Why Idaho Republicans Want An Earlier Presidential Primary In 2016

Mar 29, 2015

The Idaho House is set to vote Monday on a bill that would move Idaho’s presidential primary from May to March. Lawmakers are considering the change because of a 2012 event.

In the winter of 2012, all eyes were on the crowded field of Republican presidential candidates. And Idaho’s Republican Party didn’t want to wait until the state-run election in May to let party members weigh in.

Republican voters lined up in school gyms across the state for a party caucus. And it was messy.

It didn't help that Idaho has two time zones. People started to leave the northern caucuses once they heard voters in Mountain Time had already chosen Mitt Romney.

“It was decided before they ever really got their voting done,” Sen. Chuck Winder says.

Winder wants to move the state’s presidential primaries up and let them replace party caucuses. It could cost Idaho taxpayers between $1 and $2 million. Some say the money could be better used elsewhere.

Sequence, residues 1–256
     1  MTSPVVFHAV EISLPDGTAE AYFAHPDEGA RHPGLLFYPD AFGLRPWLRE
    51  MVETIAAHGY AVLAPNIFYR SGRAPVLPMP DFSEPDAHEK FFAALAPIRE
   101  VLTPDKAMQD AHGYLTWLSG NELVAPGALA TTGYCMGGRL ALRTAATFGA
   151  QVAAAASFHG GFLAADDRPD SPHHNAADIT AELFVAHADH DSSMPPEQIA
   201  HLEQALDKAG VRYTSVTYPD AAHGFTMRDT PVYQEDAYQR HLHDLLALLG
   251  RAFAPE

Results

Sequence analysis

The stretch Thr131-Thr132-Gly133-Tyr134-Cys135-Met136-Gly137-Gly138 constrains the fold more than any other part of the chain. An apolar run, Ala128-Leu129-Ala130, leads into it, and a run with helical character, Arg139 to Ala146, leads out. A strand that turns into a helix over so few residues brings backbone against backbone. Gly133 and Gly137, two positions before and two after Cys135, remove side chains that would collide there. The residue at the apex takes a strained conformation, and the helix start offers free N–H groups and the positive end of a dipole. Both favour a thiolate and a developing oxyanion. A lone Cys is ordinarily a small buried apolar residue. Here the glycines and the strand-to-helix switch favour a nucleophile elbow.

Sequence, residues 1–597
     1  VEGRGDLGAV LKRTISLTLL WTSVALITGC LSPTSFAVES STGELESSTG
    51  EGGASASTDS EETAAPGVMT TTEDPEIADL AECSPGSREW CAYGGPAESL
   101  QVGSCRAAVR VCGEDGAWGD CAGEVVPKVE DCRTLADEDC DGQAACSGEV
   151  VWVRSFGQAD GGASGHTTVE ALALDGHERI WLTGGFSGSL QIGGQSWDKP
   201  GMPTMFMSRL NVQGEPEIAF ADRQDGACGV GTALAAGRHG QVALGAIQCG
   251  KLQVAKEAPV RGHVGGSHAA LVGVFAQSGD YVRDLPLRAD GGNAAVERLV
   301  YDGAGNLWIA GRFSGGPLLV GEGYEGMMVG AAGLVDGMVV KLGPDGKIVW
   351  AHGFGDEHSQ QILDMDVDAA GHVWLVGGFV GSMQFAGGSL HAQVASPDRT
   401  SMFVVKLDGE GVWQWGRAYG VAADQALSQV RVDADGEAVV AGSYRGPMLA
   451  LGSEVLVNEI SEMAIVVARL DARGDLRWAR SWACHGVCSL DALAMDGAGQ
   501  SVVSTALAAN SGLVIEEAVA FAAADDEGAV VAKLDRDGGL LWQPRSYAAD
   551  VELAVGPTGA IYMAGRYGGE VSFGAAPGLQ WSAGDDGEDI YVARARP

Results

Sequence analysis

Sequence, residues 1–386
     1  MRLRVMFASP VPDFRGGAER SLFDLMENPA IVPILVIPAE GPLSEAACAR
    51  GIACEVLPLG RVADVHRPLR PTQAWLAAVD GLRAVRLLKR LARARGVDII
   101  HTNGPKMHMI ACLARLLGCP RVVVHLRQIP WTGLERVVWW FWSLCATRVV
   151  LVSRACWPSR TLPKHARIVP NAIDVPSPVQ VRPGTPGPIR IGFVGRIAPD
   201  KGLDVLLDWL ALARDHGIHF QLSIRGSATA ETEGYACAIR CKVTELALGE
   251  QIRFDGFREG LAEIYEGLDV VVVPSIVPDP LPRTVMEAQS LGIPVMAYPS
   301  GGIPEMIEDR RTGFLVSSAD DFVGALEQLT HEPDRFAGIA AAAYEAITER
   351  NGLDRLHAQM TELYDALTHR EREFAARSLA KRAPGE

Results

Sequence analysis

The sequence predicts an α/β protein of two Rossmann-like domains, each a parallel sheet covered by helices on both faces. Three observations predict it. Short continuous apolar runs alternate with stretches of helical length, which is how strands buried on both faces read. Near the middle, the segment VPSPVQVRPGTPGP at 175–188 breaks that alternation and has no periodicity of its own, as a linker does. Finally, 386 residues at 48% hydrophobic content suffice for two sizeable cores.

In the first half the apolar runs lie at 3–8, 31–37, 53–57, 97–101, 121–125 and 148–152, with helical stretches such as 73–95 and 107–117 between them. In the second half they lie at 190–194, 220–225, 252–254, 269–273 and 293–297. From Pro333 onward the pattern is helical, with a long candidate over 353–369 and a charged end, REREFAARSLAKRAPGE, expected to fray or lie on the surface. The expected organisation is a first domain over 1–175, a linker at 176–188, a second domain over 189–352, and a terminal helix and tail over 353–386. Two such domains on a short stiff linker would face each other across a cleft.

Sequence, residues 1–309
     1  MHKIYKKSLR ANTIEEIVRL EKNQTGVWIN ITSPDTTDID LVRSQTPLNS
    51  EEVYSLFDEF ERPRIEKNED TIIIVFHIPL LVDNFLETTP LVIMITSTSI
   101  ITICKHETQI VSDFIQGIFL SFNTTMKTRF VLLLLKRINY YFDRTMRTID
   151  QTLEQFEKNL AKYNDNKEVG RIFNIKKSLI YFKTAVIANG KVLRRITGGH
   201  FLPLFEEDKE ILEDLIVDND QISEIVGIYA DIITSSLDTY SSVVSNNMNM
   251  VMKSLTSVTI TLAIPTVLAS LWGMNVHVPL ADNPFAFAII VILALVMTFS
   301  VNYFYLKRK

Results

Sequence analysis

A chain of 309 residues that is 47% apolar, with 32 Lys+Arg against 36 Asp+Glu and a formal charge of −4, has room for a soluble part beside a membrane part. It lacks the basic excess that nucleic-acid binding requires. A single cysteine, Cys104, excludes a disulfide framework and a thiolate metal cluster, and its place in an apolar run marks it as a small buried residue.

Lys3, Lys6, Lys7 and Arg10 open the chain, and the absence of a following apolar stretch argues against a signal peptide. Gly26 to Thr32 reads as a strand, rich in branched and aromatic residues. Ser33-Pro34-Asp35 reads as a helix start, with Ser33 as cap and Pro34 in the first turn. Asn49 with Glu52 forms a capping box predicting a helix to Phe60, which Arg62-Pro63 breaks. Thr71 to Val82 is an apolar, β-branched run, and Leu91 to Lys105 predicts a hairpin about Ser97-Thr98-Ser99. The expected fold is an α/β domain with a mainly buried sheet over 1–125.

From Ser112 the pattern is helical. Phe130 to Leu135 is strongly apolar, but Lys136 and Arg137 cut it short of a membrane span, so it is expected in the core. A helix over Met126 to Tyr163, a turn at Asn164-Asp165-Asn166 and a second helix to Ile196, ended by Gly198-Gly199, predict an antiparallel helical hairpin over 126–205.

The Senate has already approved the measure. If it passes the Idaho House, the bill moves to the governor’s desk.

Idaho Democratic lawmakers -- and some Republicans -- object the price tag to move the primary is too high, especially because Idaho’s Republican primary is now closed to all but registered Republicans.

Proponents say moving the election would give Idaho more sway over the national race and they say a state-run election is more inclusive than the party caucuses. Voting absentee is not an option in caucuses, which take place at a specific day and time. Republican lawmakers backing the measure say that excludes members of the military and elderly voters.

The Idaho Republican caucus in 2012 was the first time most Idaho Republicans had participated in a caucus. It succeeded in drawing all the major Republican presidential candidates to Idaho for campaign stops.

The Democratic Party had previously held statewide caucuses in the 2008 presidential election.